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140217 - February 17, 2014


"Wax On - Wax Off"
In the Real World
Tommy Towery
LHS '64

        In “The Karate Kid” Ralph Macchio did not understand the handyman activities Kesuke Miyagi required of him would give him the skills he needed later in his karate training. The “wax on, wax off” motions taught him the hand and arm movements he needed to win the karate match later in the film, though at the time it seemed futile.


        I had a similar awaking over the weekend as I was attempting to put together some laundry room cabinets from a kit marketed by Closetmaid. When I first opened the pages of the manual I might as well have been trying to work from the Spanish text as from the English, since none of the instructions seemed to make sense in either language. I decided that a lot of the skills needed to properly assemble the cabinet was the ability to look at the diagrams and decided which piece went where, rather than to try to follow the text. It was then I realized something was strangely familiar and images appeared from the basement of my mind rather than from the print on the white pages.


        I have put together a lot of similar furniture kits, and never gave thought as to how easy the process usually came to me, no matter how confusing the step-by-step construction instructions seemed. This time I took pause to explore why that seemed so.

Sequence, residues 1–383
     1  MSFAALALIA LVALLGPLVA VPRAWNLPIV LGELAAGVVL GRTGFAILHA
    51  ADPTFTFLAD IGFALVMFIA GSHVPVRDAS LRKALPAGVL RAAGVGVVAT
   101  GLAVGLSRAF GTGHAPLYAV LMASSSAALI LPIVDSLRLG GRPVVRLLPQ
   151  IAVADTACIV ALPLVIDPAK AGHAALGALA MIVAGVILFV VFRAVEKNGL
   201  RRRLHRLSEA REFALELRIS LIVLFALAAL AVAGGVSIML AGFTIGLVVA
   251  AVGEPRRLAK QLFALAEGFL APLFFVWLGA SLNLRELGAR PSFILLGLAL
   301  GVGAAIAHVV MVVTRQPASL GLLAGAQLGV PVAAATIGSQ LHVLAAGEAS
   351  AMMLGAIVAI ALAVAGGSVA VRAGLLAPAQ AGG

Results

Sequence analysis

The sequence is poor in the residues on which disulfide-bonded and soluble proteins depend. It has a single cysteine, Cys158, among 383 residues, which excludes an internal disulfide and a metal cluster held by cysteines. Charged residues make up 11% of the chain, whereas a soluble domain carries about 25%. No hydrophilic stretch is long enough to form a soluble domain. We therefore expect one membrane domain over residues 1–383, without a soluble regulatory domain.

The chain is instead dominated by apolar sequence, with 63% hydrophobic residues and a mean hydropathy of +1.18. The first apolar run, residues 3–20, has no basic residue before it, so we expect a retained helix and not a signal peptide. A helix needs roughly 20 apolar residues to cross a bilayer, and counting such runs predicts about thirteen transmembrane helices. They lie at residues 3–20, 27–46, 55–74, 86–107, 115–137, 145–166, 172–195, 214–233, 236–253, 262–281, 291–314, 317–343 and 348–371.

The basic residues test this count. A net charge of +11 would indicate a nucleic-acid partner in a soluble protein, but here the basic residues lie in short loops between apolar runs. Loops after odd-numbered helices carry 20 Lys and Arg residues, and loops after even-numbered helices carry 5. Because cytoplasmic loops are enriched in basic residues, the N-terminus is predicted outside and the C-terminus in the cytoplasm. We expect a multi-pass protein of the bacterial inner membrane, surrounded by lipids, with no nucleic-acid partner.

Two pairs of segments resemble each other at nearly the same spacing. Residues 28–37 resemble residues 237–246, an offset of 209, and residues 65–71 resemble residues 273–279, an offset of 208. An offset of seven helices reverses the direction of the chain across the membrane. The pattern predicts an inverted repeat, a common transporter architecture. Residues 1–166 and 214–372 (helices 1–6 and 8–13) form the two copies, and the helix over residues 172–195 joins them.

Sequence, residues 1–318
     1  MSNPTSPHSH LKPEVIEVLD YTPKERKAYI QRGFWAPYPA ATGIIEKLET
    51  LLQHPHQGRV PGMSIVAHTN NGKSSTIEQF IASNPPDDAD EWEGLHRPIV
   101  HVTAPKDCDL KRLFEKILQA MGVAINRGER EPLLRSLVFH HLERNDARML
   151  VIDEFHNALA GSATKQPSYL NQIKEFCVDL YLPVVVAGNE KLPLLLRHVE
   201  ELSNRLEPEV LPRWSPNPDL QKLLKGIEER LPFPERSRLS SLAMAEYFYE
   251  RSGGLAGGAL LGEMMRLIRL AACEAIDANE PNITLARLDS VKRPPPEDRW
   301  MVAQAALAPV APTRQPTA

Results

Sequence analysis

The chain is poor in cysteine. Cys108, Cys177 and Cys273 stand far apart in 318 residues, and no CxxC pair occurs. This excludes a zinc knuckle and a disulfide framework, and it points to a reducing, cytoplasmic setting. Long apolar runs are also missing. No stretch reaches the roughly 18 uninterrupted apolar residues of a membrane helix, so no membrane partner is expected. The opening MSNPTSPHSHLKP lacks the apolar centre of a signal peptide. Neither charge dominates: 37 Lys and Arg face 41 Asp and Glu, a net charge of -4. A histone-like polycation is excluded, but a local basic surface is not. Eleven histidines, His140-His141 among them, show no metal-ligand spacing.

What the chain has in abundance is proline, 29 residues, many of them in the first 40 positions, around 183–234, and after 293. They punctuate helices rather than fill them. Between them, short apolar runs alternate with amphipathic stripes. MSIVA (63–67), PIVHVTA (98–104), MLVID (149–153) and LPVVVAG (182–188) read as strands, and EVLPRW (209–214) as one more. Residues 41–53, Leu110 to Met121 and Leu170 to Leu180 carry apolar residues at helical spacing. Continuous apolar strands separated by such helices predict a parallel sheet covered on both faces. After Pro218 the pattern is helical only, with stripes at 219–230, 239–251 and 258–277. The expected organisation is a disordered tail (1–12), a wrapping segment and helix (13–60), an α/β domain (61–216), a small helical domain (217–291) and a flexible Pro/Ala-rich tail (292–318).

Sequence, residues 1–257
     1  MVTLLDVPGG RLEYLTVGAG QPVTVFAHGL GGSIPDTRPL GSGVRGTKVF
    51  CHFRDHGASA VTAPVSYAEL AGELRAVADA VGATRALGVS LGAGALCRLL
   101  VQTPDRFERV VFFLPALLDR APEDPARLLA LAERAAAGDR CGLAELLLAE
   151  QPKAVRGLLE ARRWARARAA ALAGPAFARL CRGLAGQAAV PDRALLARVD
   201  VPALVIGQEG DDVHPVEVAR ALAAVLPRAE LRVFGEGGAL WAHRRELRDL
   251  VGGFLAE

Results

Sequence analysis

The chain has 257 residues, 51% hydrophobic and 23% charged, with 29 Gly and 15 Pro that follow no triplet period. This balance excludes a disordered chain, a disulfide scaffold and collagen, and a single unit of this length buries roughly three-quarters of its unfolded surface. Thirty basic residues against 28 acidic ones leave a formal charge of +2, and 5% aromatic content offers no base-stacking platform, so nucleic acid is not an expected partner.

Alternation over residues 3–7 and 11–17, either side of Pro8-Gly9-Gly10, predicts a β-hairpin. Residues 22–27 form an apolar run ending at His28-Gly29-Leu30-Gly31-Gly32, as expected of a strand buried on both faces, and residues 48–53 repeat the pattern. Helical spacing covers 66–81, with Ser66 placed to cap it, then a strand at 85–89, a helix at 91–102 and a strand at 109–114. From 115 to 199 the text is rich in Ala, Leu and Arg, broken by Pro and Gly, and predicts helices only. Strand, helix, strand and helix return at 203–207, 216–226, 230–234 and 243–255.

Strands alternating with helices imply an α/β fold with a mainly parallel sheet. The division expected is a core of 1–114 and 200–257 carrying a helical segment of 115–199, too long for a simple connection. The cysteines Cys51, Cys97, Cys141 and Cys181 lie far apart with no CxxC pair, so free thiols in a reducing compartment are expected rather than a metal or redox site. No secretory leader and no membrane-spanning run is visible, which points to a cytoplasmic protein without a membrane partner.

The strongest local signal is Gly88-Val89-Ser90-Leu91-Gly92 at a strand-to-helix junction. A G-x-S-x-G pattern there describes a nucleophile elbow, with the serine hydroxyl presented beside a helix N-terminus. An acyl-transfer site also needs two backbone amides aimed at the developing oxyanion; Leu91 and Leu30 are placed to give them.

I trace the roots of my abilities back to my early days in Huntsville when I took great pleasure in assembling Revel and Monogram plastic model kits of airplanes, missiles, and automobiles. In that experience I was taking small parts of plastic and gluing them to other parts, while desperately trying to follow the steps in the order stated. Back then, it was done with unforgiving plastic glue and if I glued the wrong two pieces together and did not quickly pull them apart they were bonded for life. So, it was a skill that I learned early in life that was guiding me in my later life, even though I never thought I was doing anything more than having fun building plastic models. It was actually preparing me for the challenges I would face later in my life.